Island Images: Memories of Home

Greetings from beautiful Grand Manan Island – now ranked third on a list of the “World’s Seven Best Small Islands” which was recently compiled by Readers Digest. Grand Manan ranked just ahead of Santorini, and it was the only Canadian island to make the list.

I was born on Grand Manan, and this New Brunswick island was my home for the first 18 years of my life. There will always be a special place in my heart for this wonderful island and the people who live here.

Grand Manan has a growing arts community that consists of both island regulars and summer residents. I was very pleased to have the opportunity to exhibit my work at the Grand Manan Art Gallery from June 30 to July 12. The show consisted of 46 pieces that ranged from traditional seascapes to more contemporary minimalist and abstract images.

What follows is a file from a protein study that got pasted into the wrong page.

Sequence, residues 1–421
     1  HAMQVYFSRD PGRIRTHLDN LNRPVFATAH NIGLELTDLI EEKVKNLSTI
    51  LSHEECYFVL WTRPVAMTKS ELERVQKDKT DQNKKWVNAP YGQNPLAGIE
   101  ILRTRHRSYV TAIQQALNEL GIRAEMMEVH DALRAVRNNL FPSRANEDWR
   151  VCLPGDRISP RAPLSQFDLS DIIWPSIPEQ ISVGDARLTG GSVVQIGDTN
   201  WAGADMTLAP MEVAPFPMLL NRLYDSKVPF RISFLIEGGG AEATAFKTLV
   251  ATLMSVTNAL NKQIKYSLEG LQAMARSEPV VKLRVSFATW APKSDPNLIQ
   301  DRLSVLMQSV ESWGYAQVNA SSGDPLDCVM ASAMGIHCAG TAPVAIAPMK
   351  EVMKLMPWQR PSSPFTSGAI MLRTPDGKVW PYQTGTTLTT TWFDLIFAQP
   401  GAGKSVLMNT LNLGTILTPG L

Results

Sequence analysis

Most of the images were printed on canvas. Oil painters have been using canvas as a support medium for more than 500 years, but photographers have not been able to print their images on canvas until relatively recently.

In the early 1960s artists like Andy Warhol began using commercial silk screening technology to transfer images to canvas. It is much easier and convenient today. Photographers can now use a variety of excellent inkjet printers to print directly on canvas with archival-quality inks.

After the image is printed, the canvas is stretched and stapled to a wooden frame, and sprayed with a protective varnish. The end result is a piece of art that is vibrant, durable, light and easy to hang, and because glass is not required, there are no distracting reflections.

Digital photography and artistic canvas make a superb combination,  and it appears that photography on canvas is rapidly gaining in credibility on the art scene.

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